(2) The provisions of this subchapter shall not prevent licensed doctor of veterinary medicine from cutting the vocal cords or otherwise altering the resonance chamber of a dog when the dog is anesthetized and shall not prevent a person from causing or procuring a debarking procedure by a licensed doctor of veterinary medicine.

(3) The possession by a person of a dog with the vocal cords cut or the resonance chamber otherwise altered and with the wound or incision site resulting therefrom unhealed, or any such dog being found in the charge or custody of a person or confined upon the premises owned by or under the control of a person, shall be prima facie evidence of a violation by the person, except as provided in this subsection.

(4) A person who procures the cutting of vocal cords or the alteration of the resonance chamber of a dog shall record the procedure. The record shall include the name of the attending licensed doctor of veterinary medicine and the date and location at which the procedure was performed. The record shall be kept as long as the wound or incision site is unhealed and shall be transferred with the dog during that period of time.

(c) Docking of tail.–The following apply:

(1) A person commits an offense under section 5533 if the person docks, cuts off, causes or procures the docking or cutting off of the tail of a dog over five days old.

(2) The provisions of this subchapter shall not prevent a licensed doctor of veterinary medicine from docking, cutting off or cropping the whole or part of the tail of a dog when the dog is at least 12 weeks of age and the procedure is performed using general anesthesia and shall not prevent a person from causing or procuring the cutting off or docking of a tail of a dog by a licensed doctor of veterinary medicine as provided in this subsection.

(3) The provisions of this subchapter shall not prevent a licensed doctor of veterinary medicine from surgically removing, docking, cutting off or cropping the tail of a dog between five days and 12 weeks of age if, in the licensed doctor of veterinary medicine’s professional judgment, the procedure is medically necessary for the health and welfare of the dog. If the procedure is performed, it shall be done in accordance with generally accepted standards of veterinary practice.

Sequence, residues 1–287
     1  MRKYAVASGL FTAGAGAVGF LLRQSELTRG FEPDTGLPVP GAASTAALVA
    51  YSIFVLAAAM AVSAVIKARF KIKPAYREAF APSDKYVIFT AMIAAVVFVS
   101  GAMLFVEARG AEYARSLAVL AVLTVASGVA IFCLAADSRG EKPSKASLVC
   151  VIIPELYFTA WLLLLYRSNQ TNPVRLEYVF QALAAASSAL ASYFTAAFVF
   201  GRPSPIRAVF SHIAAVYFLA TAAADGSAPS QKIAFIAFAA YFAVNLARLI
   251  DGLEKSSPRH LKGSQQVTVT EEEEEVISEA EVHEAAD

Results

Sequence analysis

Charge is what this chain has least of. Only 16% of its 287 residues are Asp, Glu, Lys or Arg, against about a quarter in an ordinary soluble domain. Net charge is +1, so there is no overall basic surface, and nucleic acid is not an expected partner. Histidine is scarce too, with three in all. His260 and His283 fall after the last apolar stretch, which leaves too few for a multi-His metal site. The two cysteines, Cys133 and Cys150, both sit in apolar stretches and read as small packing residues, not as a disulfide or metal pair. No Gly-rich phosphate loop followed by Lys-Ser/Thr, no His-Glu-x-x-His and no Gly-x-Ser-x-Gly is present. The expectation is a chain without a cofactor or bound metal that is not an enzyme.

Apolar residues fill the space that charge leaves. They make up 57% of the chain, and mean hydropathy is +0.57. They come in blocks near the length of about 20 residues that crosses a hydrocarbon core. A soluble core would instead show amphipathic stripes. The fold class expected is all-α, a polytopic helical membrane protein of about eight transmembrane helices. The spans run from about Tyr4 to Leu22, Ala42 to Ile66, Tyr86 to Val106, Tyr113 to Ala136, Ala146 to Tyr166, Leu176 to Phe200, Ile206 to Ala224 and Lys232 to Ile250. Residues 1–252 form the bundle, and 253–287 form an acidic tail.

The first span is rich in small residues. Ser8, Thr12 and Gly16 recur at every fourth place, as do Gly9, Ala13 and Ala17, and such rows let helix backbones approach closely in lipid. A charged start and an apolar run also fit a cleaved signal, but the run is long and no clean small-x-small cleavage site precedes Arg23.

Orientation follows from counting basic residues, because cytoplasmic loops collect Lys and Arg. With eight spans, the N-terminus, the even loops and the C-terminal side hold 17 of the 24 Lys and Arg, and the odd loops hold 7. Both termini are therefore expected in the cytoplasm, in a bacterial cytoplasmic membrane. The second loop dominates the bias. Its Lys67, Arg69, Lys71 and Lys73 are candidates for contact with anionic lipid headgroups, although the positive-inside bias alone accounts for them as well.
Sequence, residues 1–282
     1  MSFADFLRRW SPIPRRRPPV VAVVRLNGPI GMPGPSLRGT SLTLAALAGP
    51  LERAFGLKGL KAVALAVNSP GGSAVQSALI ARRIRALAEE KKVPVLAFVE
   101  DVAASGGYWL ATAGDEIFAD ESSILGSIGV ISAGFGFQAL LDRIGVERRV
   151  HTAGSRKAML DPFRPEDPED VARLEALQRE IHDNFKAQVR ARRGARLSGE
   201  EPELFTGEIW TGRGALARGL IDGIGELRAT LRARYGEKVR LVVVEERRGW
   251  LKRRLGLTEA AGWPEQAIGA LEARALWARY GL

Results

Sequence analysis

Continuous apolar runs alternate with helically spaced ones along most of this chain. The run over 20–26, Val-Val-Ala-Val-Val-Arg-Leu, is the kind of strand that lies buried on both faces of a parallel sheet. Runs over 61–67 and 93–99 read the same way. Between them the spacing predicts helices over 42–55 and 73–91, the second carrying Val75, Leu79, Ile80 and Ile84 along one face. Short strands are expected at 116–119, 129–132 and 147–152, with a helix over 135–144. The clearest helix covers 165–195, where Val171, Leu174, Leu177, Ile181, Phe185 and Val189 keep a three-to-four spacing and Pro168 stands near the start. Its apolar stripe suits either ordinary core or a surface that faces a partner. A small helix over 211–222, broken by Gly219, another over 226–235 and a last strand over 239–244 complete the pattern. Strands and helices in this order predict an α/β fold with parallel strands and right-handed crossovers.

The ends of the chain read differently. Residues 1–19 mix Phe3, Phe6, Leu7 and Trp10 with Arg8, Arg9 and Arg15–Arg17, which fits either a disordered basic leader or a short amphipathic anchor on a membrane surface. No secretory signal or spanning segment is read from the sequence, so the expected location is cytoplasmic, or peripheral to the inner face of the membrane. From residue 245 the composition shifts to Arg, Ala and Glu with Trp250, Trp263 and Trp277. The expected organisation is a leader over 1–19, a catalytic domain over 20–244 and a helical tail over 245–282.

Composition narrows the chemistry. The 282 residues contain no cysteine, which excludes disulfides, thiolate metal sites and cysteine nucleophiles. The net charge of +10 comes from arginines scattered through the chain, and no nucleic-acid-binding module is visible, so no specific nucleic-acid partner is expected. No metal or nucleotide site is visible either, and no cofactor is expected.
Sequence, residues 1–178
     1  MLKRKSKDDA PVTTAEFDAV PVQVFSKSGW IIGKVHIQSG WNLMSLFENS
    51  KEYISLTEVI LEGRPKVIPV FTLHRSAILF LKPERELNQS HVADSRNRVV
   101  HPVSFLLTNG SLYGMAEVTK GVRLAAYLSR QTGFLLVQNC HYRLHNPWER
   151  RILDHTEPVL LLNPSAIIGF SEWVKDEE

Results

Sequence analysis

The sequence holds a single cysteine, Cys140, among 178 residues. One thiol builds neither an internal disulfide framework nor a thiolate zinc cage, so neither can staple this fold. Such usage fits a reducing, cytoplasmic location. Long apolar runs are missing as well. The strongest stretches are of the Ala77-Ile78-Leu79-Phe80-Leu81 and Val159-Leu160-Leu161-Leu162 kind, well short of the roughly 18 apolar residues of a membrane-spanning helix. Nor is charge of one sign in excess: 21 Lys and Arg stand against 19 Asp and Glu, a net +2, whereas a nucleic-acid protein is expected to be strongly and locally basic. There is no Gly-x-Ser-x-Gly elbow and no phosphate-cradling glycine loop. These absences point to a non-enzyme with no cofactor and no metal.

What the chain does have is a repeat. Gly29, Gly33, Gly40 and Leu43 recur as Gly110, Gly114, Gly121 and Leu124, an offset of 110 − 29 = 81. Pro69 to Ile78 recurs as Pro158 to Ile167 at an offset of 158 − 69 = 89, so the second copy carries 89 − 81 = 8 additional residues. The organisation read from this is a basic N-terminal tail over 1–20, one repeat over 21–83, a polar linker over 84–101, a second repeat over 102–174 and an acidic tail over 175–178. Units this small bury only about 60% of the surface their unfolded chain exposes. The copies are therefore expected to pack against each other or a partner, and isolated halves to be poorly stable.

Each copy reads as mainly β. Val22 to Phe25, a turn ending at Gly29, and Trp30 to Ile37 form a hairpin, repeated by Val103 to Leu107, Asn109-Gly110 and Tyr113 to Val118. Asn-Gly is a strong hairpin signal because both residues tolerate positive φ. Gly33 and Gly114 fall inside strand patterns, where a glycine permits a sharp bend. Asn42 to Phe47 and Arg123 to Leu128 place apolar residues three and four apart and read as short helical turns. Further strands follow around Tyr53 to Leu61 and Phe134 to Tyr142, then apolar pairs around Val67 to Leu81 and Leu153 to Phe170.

(4) The possession by a person of a dog with a tail cut off or docked and with the wound or incision site resulting there from unhealed, or any such dog being found in the charge or custody of any person or confined upon the premises owned by or under the control of any person, shall be prima facie evidence of a violation by the person, except as provided in this subsection.

(5) A person who procures the cutting off or docking of a tail of a dog shall record the procedure. The record shall include the name of the attending licensed doctor of veterinary medicine and the date and location at which the procedure was performed. The record shall be kept as long as the wound or incision site is unhealed and shall be transferred with the dog during that period of time.

(d) Surgical birth.–The following apply:

(1) A person commits an offense under section 5533 if the person surgically births or causes or procures a surgical birth.

(2) The provisions of this subchapter shall not prevent a licensed doctor of veterinary medicine from surgically birthing a dog when the dog is anesthetized and shall not prevent a person from causing or procuring a surgical birthing by licensed doctor of veterinary medicine.

(3) The possession by a person of a dog with a wound or incision site resulting from a surgical birth unhealed, or any such dog being found in the charge or custody of a person or confined upon the premises owned by or under the control of any person, shall be prima facie evidence of a violation by the person, except as provided in this subsection.

(4) A person who procures the surgical birth of a dog shall record the procedure. The record shall include the name of the attending licensed doctor of veterinary medicine and the date and location a t which the procedure was performed. The record shall be kept as long as the wound or incision site is unhealed and shall be transferred with the dog during that period of time.

(5) This subsection shall not apply to personnel required to comply with standards to minimize pain to an animal set forth in section 2143(a)(3) of the Animal Welfare

Act (Public Law 89-544, 7 U.S.C. § 2131 et seq.), trained in accordance with section 2143(d) of the Animal Welfare Act, who work in a federally registered research facility required to comply with the Animal Welfare Act under the guidance or oversight of a licensed doctor of veterinary medicine.

(e) Dewclawing .–The following apply :

(1) A person commits an offense under section 5533 if the person cuts off or causes or procures the cutting off of the dewclaw of a dog over five days old.

(2) The provisions of this subchapter shall not prevent a licensed doctor of veterinary medicine from cutting the dewclaw and shall not prevent a person from causing or procuring the procedure by licensed doctor of veterinary medicine.

(3) The possession by a person of a dog with the dewclaw cut off and with the wound or incision site resulting therefrom unhealed, or any such dog being found in the charge or custody of a person or confined upon the premises owned by or under the control of a person, shall be prima facie evidence of a violation by the person, except as provided in this subsection.